How I Stopped Chasing Time (and slowed down enough to enjoy it)
“Time and tide wait for no man.” Geoffrey Chaucer
“Father Time Sucks”, a fan’s sign read at Kobe Bryant’s last game. I don’t follow the NBA or Kobe but in a thirty second news clip I caught sight of this message and felt it sink into my chest as I wondered if Father Time really does suck.
On Saturday mornings we like to pack up the double stroller, our two girls, and water and snacks for a breezy and beautiful four mile jog on the boardwalk at the beach. This has become our favorite family activity of the week.
It’s the first time since Monday that the four us are together and awake for longer than a couple hours, and when we stroll along the shores of the Pacific with the salty air filling our bursting lungs –what’s not to love?
The girls get bundled up and await the wonder. The oldest is eager to people watch and demands answers to her five year old interrogations on volleyball and what that guy is smoking; while the youngest is focused on guarding her snacks so they don’t end up in her sister’s hands and making sure everyone in a half mile radius knows THERE’S A PUPPY OVER THERE! A PUPPY!!!!
We put one foot in front of the other willing ourselves to finish – it’s all mental, mind over matter, we tell ourselves. We watch the waves crash and surfers rise and fall, disappear and reappear and the world seems to slow down. Time no longer matters. We run to the rhythm of the ocean music and our family adds one more link in the chain that binds us.
This is our escape from time.
We are free to act like the only four people on the Southern California shore and just be there, all in, with each other. But time, like the tide, doesn’t wait for us to catch up.
Soon we finish our jog, the girls anxious to escape the stroller and put their naked feet in the warm sand and cold sea, we release them and they run too – free in spirit and body. Their smiles surpass the magnitude of the ocean. And I feel time slipping away. The time that only minutes ago stilled and allowed me to breathe in the beauty of the morning salted air comes flooding back and crashes over me like a wave racing to the beach.
I wonder, how will I ever keep up with the time and tides of raising these girls? Why does time seem so cruel as it offers and steals away moments so quickly?
Before I know it, it’s time for acai bowls and chocolate ice cream in waffle cones to follow the sand angels and footprints. And then it’s over, we head back to our lives, the errands, and nap time.
One particular Saturday as we made our way back into our lives, I sat considering the memories we made and how simple it is to be happy. I started digging back in my own sea of memories – of the girls being born, our wedding day, the time I lived in Mexico City, high school graduation, witnessing my dad meet his birth mom for the first time, growing up on the goat farm in the damp Pacific Northwest, summer camping trips, riding my bike till dark – and it felt distant and disconnected from the life we are living now.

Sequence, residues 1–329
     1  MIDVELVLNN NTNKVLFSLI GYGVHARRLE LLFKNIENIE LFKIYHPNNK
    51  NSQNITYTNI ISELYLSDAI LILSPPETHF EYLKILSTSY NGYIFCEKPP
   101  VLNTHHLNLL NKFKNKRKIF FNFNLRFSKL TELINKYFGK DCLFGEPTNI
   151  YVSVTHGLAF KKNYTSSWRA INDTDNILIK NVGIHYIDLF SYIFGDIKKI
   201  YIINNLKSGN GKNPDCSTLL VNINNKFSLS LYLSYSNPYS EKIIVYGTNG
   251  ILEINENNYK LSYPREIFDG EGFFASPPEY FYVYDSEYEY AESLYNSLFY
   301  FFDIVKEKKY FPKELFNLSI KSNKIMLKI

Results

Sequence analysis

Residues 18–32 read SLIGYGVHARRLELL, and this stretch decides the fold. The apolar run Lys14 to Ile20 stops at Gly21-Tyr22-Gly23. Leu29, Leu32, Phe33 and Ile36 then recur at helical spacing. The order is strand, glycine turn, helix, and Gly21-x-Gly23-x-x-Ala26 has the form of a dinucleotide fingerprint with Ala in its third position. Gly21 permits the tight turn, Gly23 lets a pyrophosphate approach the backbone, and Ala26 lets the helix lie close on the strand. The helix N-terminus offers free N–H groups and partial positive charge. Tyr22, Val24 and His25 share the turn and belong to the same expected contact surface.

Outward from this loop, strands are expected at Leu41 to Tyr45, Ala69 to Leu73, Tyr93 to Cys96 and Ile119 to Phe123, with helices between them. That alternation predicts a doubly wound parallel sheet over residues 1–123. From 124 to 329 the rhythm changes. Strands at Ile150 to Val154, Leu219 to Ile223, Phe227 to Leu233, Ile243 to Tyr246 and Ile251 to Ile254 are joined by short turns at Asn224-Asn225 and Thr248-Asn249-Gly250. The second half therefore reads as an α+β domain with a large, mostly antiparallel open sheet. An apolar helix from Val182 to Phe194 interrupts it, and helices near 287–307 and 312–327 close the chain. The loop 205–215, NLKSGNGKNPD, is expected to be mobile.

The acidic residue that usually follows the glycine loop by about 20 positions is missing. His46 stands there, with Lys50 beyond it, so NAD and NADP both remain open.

Maybe it was my hurried memory trek that caused me to glance at my husband in the driver’s seat. His eyes focused straight ahead, already exhausted by the to-do list at home and I start flipping through his history, as I know it. And it hit me – this year he’s lived exactly half of his life in the U.S.
His lifetime is equally divided by two hemispheres.
From this point on he enters a time where he has spent more of his life in the Northern Hemisphere than at home. More time speaking a second language, eating different food, adapting and acclimating, missing home more than resting there and in that moment time means more than numbers and ticking clocks or turning calendar pages.
Time means accepting that life is about change, growing into (and out of) our own choices, and taking every moment with gratitude and honor.
We get one life. We get chances and opportunities to become our truest selves, giving the world what we have to offer and receiving what’s given back.
When I mentioned this to my husband he was silent for a moment. He hadn’t thought of his life in equal parts, his identity parted down in the middle. He asked, “Does that make me less Ecuadorian?”
We both agreed the answer was no. With time tipping the scales on this side of the world he’s not less of who he is – he’s more. We all become more with enough time to live, to love, to lose, and to grow; to try and fail and try again. To be broken, restored, and fortified with wisdom and compassion.
I realized that time with my daughters getting sand between their toes and laughing their faces off while chasing sea foam is giving me more joy, more memories to love, and more love to give them. Time gives more life and more love.
Time is a gift.
Time is for us, even as it passes and “steals” our youth. And though it is not eternal (in this life, anyway) we choose how we use it, how it makes us who we are, and with whom we spend it.
Father Time doesn’t suck. He gave Kobe a longer career in the NBA than he was alive before he was drafted. That’s a gift. Father time gifts us with opportunities to transform and transition into the next phase of our lives.
As my husband enters the majority of his life on American soil he holds close to his essential self – his culture and language and food and family – while creating a life that is simple, slow, and intentional right here, right now.
And as the sand tickles little toes as I brush it away and puppies get yelled at and snacks are stolen, I laugh and breathe in the gifts of sea air and Saturday mornings. I’m no longing chasing more time because I don’t need to. This moment, in this place, with these people is all I need.